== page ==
Castro, at the tender age of 21, has seemingly erased any doubt about a possible "sophomore slump" in his second year in the Windy City.
The question the Cubs must be asking is, "How high is his ceiling?"
Players as young as Castro generally don't sniff a major league ballpark until September, when rosters are expanded and teams do unofficial "tryouts" for next season.
But Castro has already logged over 550 at-bats as a big-leaguer—and he's looked really good in most of them.
His defense remains a work-in-progress (he committed three errors in Monday's game against the Colorado Rockies), but he is young and athletic enough to develop into a good defensive shortstop.
But offensively, there is something special here.
It is still early in the 2011 season (so forgive me for gushing), but Castro shows glimpses everyday of what could be in store for the Cubs for the next dozen years.
Currently sporting a robust .350 batting average while swiping four bases and scoring 17 runs, Castro came out of the gate very strong in 2011.
His .361 batting average on balls in play will almost certainly come down to a more normal level, but Castro should still be able to hit around .320 or so.
His line-drive percentage currently sits at 22.4 percent—fellow slugging shortstops Hanley Ramirez and Troy Tulowitzki have never posted a line-drive percentage as high.
Again, it's a bit early to be projecting Castro's final numbers, but this is a kid who hit 31 doubles a year ago in just 125 games—so we know the bat is capable.
After the Cubs are done asking how high Castro's ceiling might be (though they and us probably won't know that for a while) they'll want to ask themselves where Castro should bat in this Cubs lineup.
Early on in his career, Castro has primarily batted No. 1 or No. 2 in a Cubs uniform.
It's easy to see the speed and athleticism and the obvious havoc he can cause on the base paths—both good reasons to bat him at the leadoff spot.
But Castro hasn't exactly been a base-running menace in the early parts of his career.
He stole just 10 bases a year ago (though he attempted 18 steals), and never logged more than 28 in his days as a minor leaguer.
What's worse is Castro's patience at the plate, or lack thereof.
It's hard to justify batting Castro leadoff when he sees so little of the opponent's starting pitcher.
The free-swinging ways obviously work for Castro, but they are not attractive traits for a leadoff man, who is supposed to work counts and show his teammates some of the opponent's stuff.
His .374 on-base percentage is heavily aided by his .350 batting average, so we must look past that number.
Castro could very well become the team's No. 3 hitter and the lineup would not skip a beat—it could actually improve some, in fact (think about plugging a .350 hitter into the No. 3 slot).
The problem with moving Castro, is that there's no problem at all.
Let me explain.
Castro in the leadoff spot is hitting an other-worldly .436 in his career (this comes in just 55 at-bats, however). His OPS (on-base plus slugging percentage) is a ridiculous 1.074.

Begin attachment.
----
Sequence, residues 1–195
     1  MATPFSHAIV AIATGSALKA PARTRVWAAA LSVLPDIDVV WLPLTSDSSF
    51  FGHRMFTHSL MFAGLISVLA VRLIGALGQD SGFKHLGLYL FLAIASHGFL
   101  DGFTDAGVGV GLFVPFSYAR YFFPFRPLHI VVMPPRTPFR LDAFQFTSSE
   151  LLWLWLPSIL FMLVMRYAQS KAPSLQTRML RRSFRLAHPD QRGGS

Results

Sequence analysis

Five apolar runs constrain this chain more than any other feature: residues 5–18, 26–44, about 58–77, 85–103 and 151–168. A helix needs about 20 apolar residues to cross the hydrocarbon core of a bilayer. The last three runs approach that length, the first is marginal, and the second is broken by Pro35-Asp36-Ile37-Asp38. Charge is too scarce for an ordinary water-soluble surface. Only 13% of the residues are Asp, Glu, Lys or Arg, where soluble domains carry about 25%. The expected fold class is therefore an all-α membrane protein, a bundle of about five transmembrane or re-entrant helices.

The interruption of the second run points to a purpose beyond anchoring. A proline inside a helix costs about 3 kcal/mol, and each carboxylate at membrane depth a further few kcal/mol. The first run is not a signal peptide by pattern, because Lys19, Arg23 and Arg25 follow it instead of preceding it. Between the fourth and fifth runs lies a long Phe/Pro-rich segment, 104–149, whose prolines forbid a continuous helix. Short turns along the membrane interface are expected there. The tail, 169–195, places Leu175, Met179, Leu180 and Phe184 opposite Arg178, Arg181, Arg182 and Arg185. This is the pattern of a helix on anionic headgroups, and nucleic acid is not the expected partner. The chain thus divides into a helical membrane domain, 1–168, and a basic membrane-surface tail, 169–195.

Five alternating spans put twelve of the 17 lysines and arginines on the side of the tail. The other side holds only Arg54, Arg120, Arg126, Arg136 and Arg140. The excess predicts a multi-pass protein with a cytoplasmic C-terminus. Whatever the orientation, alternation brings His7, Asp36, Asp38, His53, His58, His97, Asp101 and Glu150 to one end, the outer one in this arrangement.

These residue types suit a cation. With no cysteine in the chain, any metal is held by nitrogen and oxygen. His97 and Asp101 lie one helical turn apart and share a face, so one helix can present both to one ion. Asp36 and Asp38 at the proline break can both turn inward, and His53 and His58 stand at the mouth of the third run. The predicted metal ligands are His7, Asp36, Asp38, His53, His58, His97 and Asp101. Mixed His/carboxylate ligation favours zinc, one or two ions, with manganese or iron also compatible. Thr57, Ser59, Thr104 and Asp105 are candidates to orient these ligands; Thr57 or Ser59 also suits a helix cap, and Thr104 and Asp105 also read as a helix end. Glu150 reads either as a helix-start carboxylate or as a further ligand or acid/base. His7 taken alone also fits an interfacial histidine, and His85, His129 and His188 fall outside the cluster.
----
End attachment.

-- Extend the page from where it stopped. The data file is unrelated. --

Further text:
Can you really take someone out of a spot they feel so comfortable in?
I'll go to Florida Marlins superstar shortstop Hanley Ramirez, who has essentially only batted in two places in his career as a Marlin, leadoff man (1,631 at-bats) and the No. 3 spot (1,311 at-bats).
I'm not saying Castro is the next Ramirez, I'm simply looking at what has worked best for Ramirez because I feel Castro, if he adopts a more-patient approach, could someday rival Ramirez.
Basically, Hanley Ramirez has been a terror wherever he's batted.
He posts a .387 career on-base percentage in the leadoff spot, with a .538 slugging percentage.
As a No. 3 hitter, Hanley goes to a .382 on-base percentage, but sees his slugging percentage dip a bit to .487—nothing to scoff at, but noticeably less than his slugging percentage at the top.
So, as a leadoff man, Ramirez sports a very solid .925 OPS, making him one of the game's most dangerous lead-off hitters.
As a No. 3 hitter, Ramirez shows a .869 OPS—again, very good, but significantly less than the leadoff spot.
As the numbers suggest, Ramirez has been better batting at the top, and the numbers for Castro support that as well.
As a No. 2 hitter, however, Castro is very average.
His slugging percentage dips below .400, and his OPS plummets to .734.
The guess here is that Castro, despite his swing-first, look-second mentality, is more comfortable batting atop the Cubs' lineup—and the Cubs need to appreciate that fact and keep Starlin at No. 1.
With such a drastic set of numbers staring them in the face, the Cubs should anoint Castro as their team's leadoff man for the time being.
With a larger sample size, of course, Castro's numbers from the leadoff role figure to change, but that's an issue for another day.
Kosuke Fukudome is also a very capable leadoff man for the Cubs, but his time in Chicago is brief and Castro should get the vast majority of leadoff man at-bats as long as his numbers from that spot stay strong.
He is young enough to learn how to hit from different spots, of course, but in the early part of his career, Castro looks like he could become the next great leadoff man in the National League—despite his low number of walks and pitches seen per at-bat.
If Castro were entrenched in the No. 1 spot, you would simply have to fill in the rest behind him.
We may not know how high his ceiling is, but we know that right now, it's the highest when he bats first for the Cubs.